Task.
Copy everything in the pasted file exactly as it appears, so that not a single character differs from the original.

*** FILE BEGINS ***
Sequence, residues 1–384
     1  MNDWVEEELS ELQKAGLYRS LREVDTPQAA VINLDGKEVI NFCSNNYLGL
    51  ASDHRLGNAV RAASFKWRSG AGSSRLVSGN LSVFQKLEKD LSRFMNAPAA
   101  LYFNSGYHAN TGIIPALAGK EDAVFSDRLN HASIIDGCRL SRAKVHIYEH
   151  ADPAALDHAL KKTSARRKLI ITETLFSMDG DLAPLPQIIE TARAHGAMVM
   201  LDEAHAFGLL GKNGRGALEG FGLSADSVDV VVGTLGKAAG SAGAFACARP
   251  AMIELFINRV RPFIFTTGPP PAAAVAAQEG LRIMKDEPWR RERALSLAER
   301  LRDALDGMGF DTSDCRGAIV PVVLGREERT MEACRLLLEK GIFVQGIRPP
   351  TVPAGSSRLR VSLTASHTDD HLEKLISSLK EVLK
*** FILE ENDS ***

Sequence, residues 1–384
     1  MNDWVEEELS ELQKAGLYRS LREVDTPQAA VINLDGKEVI NFCSNNYLGL
    51  ASDHRLGNAV RAASFKWRSG AGSSRLVSGN LSVFQKLEKD LSRFMNAPAA
   101  LYFNSGYHAN TGIIPALAGK EDAVFSDRLN HASIIDGCRL SRAKVHIYEH
   151  ADPAALDHAL KKTSARRKLI ITETLFSMDG DLAPLPQIIE TARAHGAMVM
   201  LDEAHAFGLL GKNGRGALEG FGLSADSVDV VVGTLGKAAG SAGAFACARP
   251  AMIELFINRV RPFIFTTGPP PAAAVAAQEG LRIMKDEPWR RERALSLAER
   301  LRDALDGMGF DTSDCRGAIV PVVLGREERT MEACRLLLEK GIFVQGIRPP
   351  TVPAGSSRLR VSLTASHTDD HLEKLISSLK EVLK